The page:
The invention of wheel and use of metals played a vital role in the progress of human.
For as long as there have been people, those people have needed to eat. That's a sentiment I'm sure you can appreciate. The procurement of food has been a consistent toil in human history; for 99% of our species' existence, all humans either had to hunt wild game or gather plants, which can be time-consuming and not always fruitful (pardon the pun). After existing as nomads for hundreds of years, people around the world began to realize that if they could control their food supply, they could live in one place year-round and always have enough to eat. With that, agriculture was invented. Agriculture dramatically changed humanity in many ways; it allowed humans to settle, build permanent societies, and before you know it we're crossing oceans, traveling to outer space, and inventing social media. People still need to eat, so agriculture still defines human societies even if the way we handle it has changed over time.
The Neolithic Revolution
With agriculture being so important, humans have been innovative in advancing agricultural technology throughout history. However, there are a few periods of time during which a slew of advancements were made in a relatively short time. Let's start with a period that changed human societies so dramatically that we call it the Neolithic Revolution. Basically, this is what we call the period in which agriculture was first developed. Every part of the world experienced its Neolithic Revolution at different times, but it began between 10,000 and 8,000 BCE in what is now the Middle East. A warmer, wetter climate led to abundant natural grains around the eastern Mediterranean, which people began to harvest and replant the seeds of the best stalks. Soon, people in the region had developed year-round agriculture. Similar trends occurred independently in India, China, Central America, and South America.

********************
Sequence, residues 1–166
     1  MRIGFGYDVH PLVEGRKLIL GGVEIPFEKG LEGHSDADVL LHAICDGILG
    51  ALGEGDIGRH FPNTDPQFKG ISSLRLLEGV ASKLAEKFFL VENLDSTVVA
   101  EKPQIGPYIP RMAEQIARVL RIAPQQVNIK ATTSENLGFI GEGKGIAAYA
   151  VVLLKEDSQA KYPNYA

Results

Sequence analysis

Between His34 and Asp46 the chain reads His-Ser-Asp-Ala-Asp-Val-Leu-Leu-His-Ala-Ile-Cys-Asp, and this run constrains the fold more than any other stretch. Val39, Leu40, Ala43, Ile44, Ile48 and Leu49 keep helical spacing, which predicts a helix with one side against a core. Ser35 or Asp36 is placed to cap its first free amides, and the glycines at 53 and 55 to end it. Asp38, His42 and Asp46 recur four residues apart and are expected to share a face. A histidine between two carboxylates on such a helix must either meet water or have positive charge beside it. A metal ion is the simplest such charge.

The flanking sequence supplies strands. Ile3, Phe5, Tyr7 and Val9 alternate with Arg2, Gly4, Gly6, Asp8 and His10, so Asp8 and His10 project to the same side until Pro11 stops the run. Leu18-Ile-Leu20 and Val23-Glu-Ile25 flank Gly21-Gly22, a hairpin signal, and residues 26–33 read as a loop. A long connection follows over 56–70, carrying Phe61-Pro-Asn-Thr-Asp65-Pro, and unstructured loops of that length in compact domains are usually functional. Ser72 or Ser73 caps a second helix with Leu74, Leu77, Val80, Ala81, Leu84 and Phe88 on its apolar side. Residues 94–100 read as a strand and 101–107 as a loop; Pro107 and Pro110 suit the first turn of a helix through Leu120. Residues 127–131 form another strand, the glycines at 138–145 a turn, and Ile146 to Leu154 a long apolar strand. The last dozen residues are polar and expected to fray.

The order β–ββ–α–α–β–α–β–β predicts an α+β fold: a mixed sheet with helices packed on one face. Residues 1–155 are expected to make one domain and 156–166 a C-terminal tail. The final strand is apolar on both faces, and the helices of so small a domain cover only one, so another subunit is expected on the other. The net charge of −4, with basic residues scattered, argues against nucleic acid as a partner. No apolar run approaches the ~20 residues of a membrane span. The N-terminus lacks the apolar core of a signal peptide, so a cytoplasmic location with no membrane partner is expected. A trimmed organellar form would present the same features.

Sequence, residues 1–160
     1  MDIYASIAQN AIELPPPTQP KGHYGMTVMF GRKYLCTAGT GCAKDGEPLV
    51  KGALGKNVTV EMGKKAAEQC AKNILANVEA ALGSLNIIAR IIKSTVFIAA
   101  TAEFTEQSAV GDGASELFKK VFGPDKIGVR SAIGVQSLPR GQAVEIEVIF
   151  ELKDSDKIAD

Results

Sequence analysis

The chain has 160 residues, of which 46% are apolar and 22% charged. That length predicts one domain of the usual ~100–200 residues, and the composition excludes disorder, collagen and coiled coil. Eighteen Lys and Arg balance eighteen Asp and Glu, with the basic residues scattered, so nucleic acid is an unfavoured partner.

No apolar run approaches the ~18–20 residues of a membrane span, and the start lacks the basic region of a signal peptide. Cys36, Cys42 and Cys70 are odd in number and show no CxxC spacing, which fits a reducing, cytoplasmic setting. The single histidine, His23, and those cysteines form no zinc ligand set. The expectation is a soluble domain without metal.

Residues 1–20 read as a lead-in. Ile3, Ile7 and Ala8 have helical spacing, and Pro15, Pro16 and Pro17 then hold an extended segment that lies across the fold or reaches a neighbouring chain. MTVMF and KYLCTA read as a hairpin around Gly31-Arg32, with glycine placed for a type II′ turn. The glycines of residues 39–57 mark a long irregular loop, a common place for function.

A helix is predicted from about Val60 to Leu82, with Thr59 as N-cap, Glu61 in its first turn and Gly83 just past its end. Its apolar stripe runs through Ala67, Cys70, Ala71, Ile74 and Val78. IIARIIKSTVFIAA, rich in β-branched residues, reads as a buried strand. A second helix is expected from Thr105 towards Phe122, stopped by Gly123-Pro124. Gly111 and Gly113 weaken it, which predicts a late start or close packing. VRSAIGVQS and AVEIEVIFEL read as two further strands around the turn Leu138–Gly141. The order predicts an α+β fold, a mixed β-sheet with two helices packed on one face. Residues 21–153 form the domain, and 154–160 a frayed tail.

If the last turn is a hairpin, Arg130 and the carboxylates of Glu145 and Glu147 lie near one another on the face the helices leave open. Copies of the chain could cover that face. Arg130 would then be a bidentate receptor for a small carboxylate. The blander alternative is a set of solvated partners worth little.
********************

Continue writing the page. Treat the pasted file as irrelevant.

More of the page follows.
The Neolithic Revolution was the beginning of true agriculture in the world, defined by the first domestication of wild plants (and soon animals like chickens, sheep, and cattle). Humans needed to invent new tools and techniques in order to produce consistent food. Droughts in the 4th millennium BCE prompted the development of irrigation, which required advanced systems of math, engineering, and planning. Farming meant a permanent society, which meant the need to develop architecturally-sound houses, storage bins, and other structures. The need to transport food helped lead to the invention of the wheel and cart. Even long after the official period of the Neolithic Revolution, agriculture continued to shape human societies throughout the ancient world.
The Industrial Revolution
We're going to jump forward quite a bit into the 18th and 19th centuries. After the Neolithic Revolution, humans kept innovating and inventing. Improved farming techniques had heightened agricultural efficiency, but many of the tools and materials were similar to those of the past. Then we get to another revolution. The Industrial Revolution was marked by the development of industrial machines, which dramatically changed many societies. Things could be produced more quickly, more efficiently, and more scientifically.
The Industrial Revolution was characterized by a mentality that everything we were doing, we could do better. Industrial Revolution inventions included the cotton gin, which made it much easier to process cotton, mechanical reapers for harvesting grains, and steel plows that allowed farmers to break up the toughest, previously unfarmable, soils. The development of refrigeration in the late 19th century made it possible to store food in larger quantities and for longer times. The Haber process of the early 20th century introduced new scientific methods for producing fertilizer on an industrial scale.